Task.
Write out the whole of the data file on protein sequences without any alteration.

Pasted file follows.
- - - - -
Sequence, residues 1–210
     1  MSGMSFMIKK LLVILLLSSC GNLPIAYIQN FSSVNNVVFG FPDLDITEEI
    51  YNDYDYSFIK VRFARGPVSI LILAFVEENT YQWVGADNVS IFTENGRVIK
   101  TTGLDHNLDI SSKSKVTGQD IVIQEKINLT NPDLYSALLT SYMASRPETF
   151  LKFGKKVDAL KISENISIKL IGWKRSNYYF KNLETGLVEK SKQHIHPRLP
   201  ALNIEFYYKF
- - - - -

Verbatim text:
Sequence, residues 1–210
     1  MSGMSFMIKK LLVILLLSSC GNLPIAYIQN FSSVNNVVFG FPDLDITEEI
    51  YNDYDYSFIK VRFARGPVSI LILAFVEENT YQWVGADNVS IFTENGRVIK
   101  TTGLDHNLDI SSKSKVTGQD IVIQEKINLT NPDLYSALLT SYMASRPETF
   151  LKFGKKVDAL KISENISIKL IGWKRSNYYF KNLETGLVEK SKQHIHPRLP
   201  ALNIEFYYKF